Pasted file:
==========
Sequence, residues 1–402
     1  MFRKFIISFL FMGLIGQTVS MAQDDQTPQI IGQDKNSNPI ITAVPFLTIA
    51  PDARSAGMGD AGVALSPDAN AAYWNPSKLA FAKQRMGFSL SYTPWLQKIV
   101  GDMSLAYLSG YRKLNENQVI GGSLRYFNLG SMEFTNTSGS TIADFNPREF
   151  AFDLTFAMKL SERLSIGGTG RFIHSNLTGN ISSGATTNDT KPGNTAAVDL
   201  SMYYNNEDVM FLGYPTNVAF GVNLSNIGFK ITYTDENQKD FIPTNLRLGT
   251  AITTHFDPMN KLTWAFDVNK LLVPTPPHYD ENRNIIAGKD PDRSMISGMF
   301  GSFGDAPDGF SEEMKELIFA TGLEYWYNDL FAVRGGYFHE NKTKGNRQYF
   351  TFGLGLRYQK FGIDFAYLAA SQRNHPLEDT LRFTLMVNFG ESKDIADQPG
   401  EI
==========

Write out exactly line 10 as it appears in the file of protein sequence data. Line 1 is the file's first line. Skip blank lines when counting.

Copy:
   401  EI